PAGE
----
Sharp looks, handles well for a crossover, plenty of space and equipment
Fiddly touch-sensitive heater almost as annoying as having to explain the badge to your mates
What is it?
Well, it’s not a Seat. Not now, not ever. The Formentor will only ever be badged as a Cupra, Seat’s sporty and electrified offshoot marque. So, if you thought all Cupras were just rebadged Seats, this hunkered down ‘coupe-SUV’ just trampled all over your argument.
So if it’s not a Seat what is it?
Obviously, it’s not a completely bespoke machine from the ground up. That’s not how the Volkswagen Group set about taking over Planet Car. Under its crisply creased skin, the Formentor is based on the same raw ingredients as the well-rounded Seat Ateca, or for that matter the VW Golf: same basic chassis, shared gearboxes, and the latest touchscreen infotainment centre from the brand-new (and pretty excellent) Leon hatchback.
The Formentor is longer and lower than the school run-spec Ateca, though, giving it a more butch stance. In the metal it’s a handsome beast, prompting one Top Gear staffer to wonder aloud how Cupra has been allowed to sneak out a design that’s so much better resolved than Lamborghini’s Urus. In this class, looks sell, and that’ll help the Cupra find a footing.
Are the engines all fast ones?
The Formentor engine selection isn’t quite as spicy as you’d think from all the schporty advertising. The range starts off with a 148bhp 1.5-litre four-cylinder that’s familiar from other VW products, then next up there’s a 2.0-litre unit developing 187bhp.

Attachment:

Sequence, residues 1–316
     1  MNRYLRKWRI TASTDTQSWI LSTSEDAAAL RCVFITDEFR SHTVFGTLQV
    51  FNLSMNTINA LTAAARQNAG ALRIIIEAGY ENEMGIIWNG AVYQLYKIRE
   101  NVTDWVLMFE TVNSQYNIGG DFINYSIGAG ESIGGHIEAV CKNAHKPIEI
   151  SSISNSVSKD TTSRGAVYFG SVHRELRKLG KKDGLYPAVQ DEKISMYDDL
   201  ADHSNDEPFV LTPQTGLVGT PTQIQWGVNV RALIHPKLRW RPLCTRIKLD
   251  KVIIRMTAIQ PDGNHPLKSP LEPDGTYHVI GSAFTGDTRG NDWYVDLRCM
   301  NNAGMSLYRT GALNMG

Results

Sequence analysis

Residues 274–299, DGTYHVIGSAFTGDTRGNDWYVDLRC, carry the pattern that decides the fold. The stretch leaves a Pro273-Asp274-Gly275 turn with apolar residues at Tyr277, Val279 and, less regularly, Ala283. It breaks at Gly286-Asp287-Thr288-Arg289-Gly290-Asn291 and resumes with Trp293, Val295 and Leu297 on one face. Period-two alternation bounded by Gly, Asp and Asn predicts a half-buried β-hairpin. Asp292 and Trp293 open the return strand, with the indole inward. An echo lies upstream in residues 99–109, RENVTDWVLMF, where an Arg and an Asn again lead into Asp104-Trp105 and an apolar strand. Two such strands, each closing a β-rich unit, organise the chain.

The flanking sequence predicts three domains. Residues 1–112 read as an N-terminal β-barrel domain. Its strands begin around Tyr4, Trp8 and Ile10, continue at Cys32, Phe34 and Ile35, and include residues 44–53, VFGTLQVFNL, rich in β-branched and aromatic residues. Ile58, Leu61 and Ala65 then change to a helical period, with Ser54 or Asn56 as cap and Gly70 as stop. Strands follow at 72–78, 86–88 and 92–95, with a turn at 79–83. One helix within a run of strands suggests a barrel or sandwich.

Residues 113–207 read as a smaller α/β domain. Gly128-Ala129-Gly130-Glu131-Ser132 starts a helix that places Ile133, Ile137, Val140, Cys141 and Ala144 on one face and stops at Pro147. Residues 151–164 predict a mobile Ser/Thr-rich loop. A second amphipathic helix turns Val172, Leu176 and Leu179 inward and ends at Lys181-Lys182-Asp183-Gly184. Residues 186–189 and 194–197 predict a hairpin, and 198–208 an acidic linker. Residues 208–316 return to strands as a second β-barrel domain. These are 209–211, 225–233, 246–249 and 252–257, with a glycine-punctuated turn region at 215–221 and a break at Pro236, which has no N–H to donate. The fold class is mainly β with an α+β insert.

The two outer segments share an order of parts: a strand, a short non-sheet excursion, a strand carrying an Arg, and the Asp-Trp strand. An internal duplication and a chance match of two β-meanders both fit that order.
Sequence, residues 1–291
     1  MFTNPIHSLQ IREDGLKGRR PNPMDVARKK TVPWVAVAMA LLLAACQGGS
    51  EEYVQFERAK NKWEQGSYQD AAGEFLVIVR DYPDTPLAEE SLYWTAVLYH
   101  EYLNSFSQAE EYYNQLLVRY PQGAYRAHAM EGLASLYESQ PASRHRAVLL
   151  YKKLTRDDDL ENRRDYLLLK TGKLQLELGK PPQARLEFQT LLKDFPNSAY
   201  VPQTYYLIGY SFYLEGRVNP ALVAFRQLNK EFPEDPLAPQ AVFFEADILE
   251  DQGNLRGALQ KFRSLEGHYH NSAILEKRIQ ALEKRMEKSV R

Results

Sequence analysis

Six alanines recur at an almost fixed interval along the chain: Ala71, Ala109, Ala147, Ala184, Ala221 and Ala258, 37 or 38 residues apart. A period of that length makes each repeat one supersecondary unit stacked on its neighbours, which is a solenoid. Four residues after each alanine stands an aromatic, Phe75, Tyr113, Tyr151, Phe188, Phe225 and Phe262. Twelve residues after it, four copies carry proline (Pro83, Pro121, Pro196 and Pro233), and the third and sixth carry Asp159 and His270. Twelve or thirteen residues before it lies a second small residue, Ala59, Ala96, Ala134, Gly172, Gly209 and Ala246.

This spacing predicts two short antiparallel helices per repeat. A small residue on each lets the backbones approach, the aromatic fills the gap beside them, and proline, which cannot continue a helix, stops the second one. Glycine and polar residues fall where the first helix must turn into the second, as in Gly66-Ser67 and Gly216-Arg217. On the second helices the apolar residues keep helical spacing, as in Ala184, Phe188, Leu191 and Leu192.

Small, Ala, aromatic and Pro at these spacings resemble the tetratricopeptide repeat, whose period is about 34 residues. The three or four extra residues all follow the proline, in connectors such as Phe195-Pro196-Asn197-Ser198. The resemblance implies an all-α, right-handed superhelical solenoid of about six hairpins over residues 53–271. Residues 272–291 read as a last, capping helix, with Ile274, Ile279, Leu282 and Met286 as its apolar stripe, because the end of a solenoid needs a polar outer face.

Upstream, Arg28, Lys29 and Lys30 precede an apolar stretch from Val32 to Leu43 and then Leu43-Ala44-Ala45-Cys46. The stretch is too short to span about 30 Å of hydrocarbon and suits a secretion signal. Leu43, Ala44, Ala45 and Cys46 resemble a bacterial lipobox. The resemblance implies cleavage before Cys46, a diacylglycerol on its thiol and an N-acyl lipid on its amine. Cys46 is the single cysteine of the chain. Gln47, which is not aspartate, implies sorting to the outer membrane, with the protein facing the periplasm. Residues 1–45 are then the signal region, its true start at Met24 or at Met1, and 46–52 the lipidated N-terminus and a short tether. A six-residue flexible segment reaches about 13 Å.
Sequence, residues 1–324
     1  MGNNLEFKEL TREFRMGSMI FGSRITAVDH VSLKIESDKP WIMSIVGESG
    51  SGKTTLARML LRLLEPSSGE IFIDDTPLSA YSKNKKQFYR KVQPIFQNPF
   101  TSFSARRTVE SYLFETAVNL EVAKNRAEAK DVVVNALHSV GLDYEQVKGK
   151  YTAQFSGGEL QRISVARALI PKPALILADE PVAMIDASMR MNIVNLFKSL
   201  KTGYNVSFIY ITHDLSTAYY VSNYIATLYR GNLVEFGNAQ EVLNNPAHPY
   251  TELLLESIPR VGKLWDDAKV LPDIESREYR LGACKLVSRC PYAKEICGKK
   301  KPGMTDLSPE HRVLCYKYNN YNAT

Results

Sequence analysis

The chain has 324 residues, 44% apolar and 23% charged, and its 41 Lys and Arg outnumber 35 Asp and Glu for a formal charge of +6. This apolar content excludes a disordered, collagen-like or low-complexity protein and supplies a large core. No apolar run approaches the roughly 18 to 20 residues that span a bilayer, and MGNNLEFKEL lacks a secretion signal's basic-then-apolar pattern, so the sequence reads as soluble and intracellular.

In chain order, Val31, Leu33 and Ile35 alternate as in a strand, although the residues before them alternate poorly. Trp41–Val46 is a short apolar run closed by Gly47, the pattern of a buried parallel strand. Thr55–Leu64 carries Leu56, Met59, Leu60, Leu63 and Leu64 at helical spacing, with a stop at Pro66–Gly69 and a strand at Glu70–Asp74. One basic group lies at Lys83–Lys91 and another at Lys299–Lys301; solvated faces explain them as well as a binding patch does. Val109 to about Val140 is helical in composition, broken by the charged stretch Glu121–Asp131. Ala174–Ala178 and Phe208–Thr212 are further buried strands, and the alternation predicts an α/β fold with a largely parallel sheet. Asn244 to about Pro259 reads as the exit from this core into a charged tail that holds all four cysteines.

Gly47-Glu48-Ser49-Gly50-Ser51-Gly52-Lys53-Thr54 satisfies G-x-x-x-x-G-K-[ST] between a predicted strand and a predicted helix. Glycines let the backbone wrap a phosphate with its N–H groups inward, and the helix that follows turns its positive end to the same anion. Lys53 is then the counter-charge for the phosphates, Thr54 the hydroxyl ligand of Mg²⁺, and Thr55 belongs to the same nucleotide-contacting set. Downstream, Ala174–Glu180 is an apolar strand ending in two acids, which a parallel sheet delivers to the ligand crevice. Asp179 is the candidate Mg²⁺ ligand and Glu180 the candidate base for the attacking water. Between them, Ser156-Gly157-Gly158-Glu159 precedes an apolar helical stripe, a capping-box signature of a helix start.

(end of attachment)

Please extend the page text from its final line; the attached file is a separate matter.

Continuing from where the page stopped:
If you’re feeling vaguely eco-conscious there’s a plug-in hybrid set-up in two states of tune, teaming a 1.4-litre turbo engine with an electric motor to develop either 201bhp or 242bhp. The eHybrid, as it’s known, is capable of a claimed 31 miles on electric power alone. If you’re feeling less eco-conscious, the range-topper is a 306bhp 2.0-litre four-cylinder turbo unit driving all four wheels and familiar from the likes of the VW Golf R and Audi S3.
What will it cost?
There are six trimlines available – V1 and V2 are the starter course, VZ1, VZ2 and VZ3 trims the tasty main and then there’s the limited edition dessert, VZ Edition, of which only 100 have been allocated to the UK. Prices start at a bargain £27,745 for the V1, ranging to a slightly eye-watering £42,990 for the VZ3 – that’s quite some ground to cover.
What’s the story with the name?
Apparently it’s nothing to do with the ghoulish soul-sucking villains of the Harry Potter universe, nor the yeasty properties of brewing your own beer. ‘Formentor’ is in fact a picturesque peninsula in Majorca – a nod to Cupra’s Spanish roots. Remember that when your mates ask you what your car’s called, because weirdly, the word ‘Formentor’ doesn’t appear anywhere on or indeed inside the car.
Our choice from the range
What is the verdict?
The Formentor is not exactly a car of many surprises. It’s built on a tried and tested platform. It’s powered along by engines that’ve shone in many a decent, recent hot hatchback. And even its headline act inside, the enormous touchscreen, was allowed to debut in the new Seat Leon before it arrived in Cupra’s flagship.
But that’s not to say this curiously badged go-faster offshoot is an also-ran. Seat’s Ateca is one of Top Gear’s favourite of the crossover set, because it’s so wilfully unpretentious and easy to use, yet the driving experience manages not to be the motoring equivalent of a Third Division nil-nil draw. It’s almost fun.
So, taking those ingredients and wrapping them up with more power, in a lower, prettier package creates a car that has some genuine please-everyone appeal. And it doesn’t matter that it’s not a household name. Very few cars these days say anything about you beyond ‘there was cheap finance available on this and I liked the colour'. Drive a Formentor and at least it says you might know a bit about cars beyond Google’s first results page.